Key so far in Iowa basketball's wins? Getting the Hawkeye freshmen to play their part.
IOWA CITY, Ia. — Luka Garza has 36 points and 20 rebounds in the past two games for the Iowa men’s basketball team.
The Hawkeyes won both games.
But it came on the heels of a relatively quiet stretch for the freshman center — 18 points and 14 rebounds over the course of four games, all of them losses.
Jack Nunge had been playing as well as any Hawkeye in the three games leading into Saturday’s 90-64 victory against Drake. But the freshman forward was on the court for a season-low 10 minutes, with five points and his first career game with zero rebounds.
Such is life for rookies adjusting to the highest level of college basketball. Some games they shine, others you barely notice their presence.
It’s an area the Hawkeyes (6-6, 0-2 Big Ten Conference) would love to smooth out heading into their final three non-conference games to close out December. First up is Southern Utah (6-4) at 8 p.m. Tuesday at Carver-Hawkeye Arena (BTN).
“Jack wasn’t feeling very well,” Iowa coach Fran McCaffery told reporters Monday in explaining Nunge’s lack of production against Drake. “He had a rough couple days. He wasn’t 100 percent. He fought through, got a big three-point play to start the game.”
McCaffery noted that other Hawkeyes — namely Garza, Cordell Pemsl and Ryan Kriener — came off the bench to provide quality minutes.
“There was no reason to push it with him,” he said of Nunge, who played just 5 minutes in each half.
Nunge has started the past four games for Iowa, scoring in double figures in the first three. The 6-foot-11 wing has scored 11 points or more five times this season. Saturday was his fourth game with five points or fewer.
Garza has had a similarly bumpy start to college. He has been an unstoppable force in some games, such as Saturday, when he punished a smaller Drake lineup for 13 points and seven rebounds in just 17 minutes of play. Garza has 26 offensive rebounds in his first dozen college games, showing a determination to throw his 6-11, 235-pound frame around.
Garza started Iowa’s first nine games, but has played a reserve role in the past three. That was because, in Iowa’s six losses, he totaled only 22 points. He has 90 points in the six Hawkeye victories.
Sense a pattern?
When Iowa’s freshmen are active and involved in the offense, the team fares much better. Getting peak performances from both at once would be a big lift.
And now you can throw Connor McCaffery into that mix. The backup point guard had an ankle injury early in the season and then came down with mononucleosis, delaying his debut until the Dec. 10 victory over Southern.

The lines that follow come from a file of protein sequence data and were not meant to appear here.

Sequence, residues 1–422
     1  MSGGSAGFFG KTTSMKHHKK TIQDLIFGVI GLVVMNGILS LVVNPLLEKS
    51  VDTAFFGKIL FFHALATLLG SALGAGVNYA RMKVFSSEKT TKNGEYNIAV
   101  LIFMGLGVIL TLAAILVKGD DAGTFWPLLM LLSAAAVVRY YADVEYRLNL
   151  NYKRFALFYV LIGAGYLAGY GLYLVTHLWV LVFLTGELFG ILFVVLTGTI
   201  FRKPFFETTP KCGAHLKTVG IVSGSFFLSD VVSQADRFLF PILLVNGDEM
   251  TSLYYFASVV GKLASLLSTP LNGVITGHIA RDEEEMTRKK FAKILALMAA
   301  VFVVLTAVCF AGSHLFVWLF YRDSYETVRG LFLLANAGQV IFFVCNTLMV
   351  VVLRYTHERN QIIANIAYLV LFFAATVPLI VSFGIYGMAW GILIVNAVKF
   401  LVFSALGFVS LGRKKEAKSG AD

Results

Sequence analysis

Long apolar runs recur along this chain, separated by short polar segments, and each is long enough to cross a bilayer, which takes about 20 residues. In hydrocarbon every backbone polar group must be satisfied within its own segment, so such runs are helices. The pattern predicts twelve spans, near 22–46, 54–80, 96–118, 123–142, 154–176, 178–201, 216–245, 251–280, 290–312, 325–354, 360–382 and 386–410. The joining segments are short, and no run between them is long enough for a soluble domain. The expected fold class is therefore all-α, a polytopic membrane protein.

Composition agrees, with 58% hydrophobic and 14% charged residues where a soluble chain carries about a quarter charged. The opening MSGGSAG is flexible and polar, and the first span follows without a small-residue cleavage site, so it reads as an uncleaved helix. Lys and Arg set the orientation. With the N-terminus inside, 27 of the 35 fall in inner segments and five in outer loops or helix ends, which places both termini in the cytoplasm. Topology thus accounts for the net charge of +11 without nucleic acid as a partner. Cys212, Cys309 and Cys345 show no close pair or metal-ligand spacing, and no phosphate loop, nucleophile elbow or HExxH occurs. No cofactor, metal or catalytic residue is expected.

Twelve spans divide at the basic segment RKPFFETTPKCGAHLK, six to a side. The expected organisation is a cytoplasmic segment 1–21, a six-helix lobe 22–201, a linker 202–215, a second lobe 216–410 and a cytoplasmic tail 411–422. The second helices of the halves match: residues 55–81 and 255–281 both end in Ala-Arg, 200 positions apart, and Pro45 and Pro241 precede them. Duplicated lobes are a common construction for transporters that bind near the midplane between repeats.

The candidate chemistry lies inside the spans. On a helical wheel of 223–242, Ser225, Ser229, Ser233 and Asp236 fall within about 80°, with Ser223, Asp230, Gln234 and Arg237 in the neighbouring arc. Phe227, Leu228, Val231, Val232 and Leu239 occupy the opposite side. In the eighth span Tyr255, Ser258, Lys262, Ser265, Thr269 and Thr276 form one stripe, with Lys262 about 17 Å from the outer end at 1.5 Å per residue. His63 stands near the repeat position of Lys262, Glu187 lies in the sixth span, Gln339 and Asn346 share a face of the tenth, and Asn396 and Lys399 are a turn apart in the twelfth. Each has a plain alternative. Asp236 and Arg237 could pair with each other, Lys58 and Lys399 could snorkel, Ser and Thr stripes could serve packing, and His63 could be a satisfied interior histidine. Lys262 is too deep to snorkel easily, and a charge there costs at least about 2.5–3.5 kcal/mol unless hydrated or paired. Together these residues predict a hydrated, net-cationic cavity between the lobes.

McCaffery still isn’t close to full strength but has already shown he can play a vital role in running the offense while starter Jordan Bohannon gets a rest.
“We push him in practice. But he’s kind of hit a wall,” said Fran McCaffery, Connor’s father. “He’s just way behind in the conditioning that’s necessary to compete at this level, and he knows that. He’s way behind his teammates. So we’ve really got to be careful with how we utilize him in the games.”
Connor McCaffery has played 26 minutes with only one turnover. Assuming he gets his legs back under him, he’ll become a third freshman the Hawkeyes can lean on. They’ll have three more games — also vs. Colorado in Sioux Falls, South Dakota, on Friday, and at home vs. Northern Illinois on Dec. 29 — to tune up for the Big Ten grind of January and February.
Rookies are going to have their ups and downs. McCaffery is hoping his trio can maximize the former and minimize the latter.
The coach can take heart in what he’s seen from Tyler Cook in his sophomore season. The talented forward has been much better about not forcing things this year, McCaffery said, pointing to the second half against Drake as an example.
“I thought his pace and his decision-making was tremendous,” McCaffery said of a stretch of play in which Cook made 5-of-6 field goals and scored 12 points in just 10 minutes of action.
Iowa is coming off its best performance of the year. The rookies played their part.
“No matter what lineup we had out there, they really competed,” McCaffery said. “They followed the game plan and they played with an incredible amount of unselfishness.”